Monday, January 26, 2009

The Church and Government Handouts

I went to a medical missions seminar this weekend. My mom and her husband were there too so I was especially glad to go. There were many interesting speakers. One of them was challenging those of us in smaller denominations with charitable organizations to go after bigger grants via the Faith Based Initiatives program that Pres. Bush started and Pres. Obama claims to support.

Many people in the audience seemed almost giddy with the prospect. I on the other hand felt a sense of dread. Is it really wise for the Church to be any more intertwined with the government than we already are? It is bad enough to be in contract with the government via 501(c)(3)'s. I really feel that we would be much better off if there were more free churches in the US. And now this link of money. It may be benign enough now. But once you start getting a million dollars here and there, it will be hard to turn your back on it once the rules change.

I am guessing that the rules will change but gradually. There will be baby steps in a direction until the 501(c)(3)'s board of directors feel uncomfortable. Then how do they live without these grants that they have become dependant on. They have lost connections with individual donors because more of their time is spent pursuing the government. Will they have the guts to say no thank you to a million dollars after depending on it previously?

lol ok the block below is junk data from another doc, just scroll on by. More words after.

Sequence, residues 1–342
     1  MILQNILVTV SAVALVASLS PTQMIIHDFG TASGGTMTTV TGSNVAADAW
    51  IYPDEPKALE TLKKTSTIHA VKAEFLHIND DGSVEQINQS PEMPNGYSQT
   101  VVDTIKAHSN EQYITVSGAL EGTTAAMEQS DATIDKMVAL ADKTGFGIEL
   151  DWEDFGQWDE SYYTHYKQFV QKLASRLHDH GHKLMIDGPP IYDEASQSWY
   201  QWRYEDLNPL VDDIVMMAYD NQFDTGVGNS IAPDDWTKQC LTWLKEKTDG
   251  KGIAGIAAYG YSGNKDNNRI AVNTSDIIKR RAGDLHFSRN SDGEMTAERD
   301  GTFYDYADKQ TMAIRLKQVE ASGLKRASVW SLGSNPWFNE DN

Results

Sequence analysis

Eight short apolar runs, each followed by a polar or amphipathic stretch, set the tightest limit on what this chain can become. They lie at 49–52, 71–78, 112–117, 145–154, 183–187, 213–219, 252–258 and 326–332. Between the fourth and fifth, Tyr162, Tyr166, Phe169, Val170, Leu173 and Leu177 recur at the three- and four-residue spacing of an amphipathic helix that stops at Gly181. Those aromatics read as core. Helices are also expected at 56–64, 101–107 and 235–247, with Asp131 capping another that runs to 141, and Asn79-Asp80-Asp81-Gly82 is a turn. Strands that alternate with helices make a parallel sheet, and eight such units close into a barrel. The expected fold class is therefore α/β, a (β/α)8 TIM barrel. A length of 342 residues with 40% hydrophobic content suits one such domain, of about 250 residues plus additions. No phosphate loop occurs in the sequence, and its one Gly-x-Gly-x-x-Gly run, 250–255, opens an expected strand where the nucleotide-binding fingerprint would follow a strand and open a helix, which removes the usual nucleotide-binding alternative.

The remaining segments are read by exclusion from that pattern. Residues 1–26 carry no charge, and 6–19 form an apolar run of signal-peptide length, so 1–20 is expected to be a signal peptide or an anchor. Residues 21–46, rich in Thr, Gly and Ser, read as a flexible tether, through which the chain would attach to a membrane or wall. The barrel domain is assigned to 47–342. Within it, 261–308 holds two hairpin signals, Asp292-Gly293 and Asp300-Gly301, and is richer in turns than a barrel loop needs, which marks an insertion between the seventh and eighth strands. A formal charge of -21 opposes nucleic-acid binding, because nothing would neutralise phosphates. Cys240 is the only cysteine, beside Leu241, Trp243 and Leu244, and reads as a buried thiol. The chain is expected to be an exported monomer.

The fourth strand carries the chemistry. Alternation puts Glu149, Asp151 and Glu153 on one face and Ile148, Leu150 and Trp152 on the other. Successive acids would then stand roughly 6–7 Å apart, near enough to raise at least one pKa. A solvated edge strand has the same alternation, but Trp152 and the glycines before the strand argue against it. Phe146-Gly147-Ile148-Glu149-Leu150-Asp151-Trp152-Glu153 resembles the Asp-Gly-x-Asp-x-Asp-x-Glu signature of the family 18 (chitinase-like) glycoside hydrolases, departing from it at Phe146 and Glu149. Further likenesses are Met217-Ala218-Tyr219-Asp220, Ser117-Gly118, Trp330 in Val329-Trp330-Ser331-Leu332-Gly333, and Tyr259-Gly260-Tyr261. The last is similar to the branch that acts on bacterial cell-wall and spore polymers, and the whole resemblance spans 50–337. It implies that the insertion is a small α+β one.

I hope I am just being cynical and jaded. But I think it is a slippery road to start on. Stick with actual people who actually support your cause and believe what you believe.


Raymond V Banner said...

You express my own view on these matters. Even though liberal groups get a lot of goverment money my own view is that both liberal and conservative groups should depend upon private charity.
Also, as you indicate, when money comes from a liberal socialistic government there are strings attached as to what you can or cannot do with such money. These legal strings may be quite contrary to the Scriptures.

Cheryl Toliver said...

I agree. When the church starts taking government money, it politicalize the church. The church's politicalization over the last 8 years has only polarized and divided us as Christians, and we seem less focused on living out Christ's compassion for others than on trying to legislate our various versions of the Kingdom of God in the US. We would be much better off not taking the money, and keeping church and state separate. Then we can speak of Christ without compromising our faith.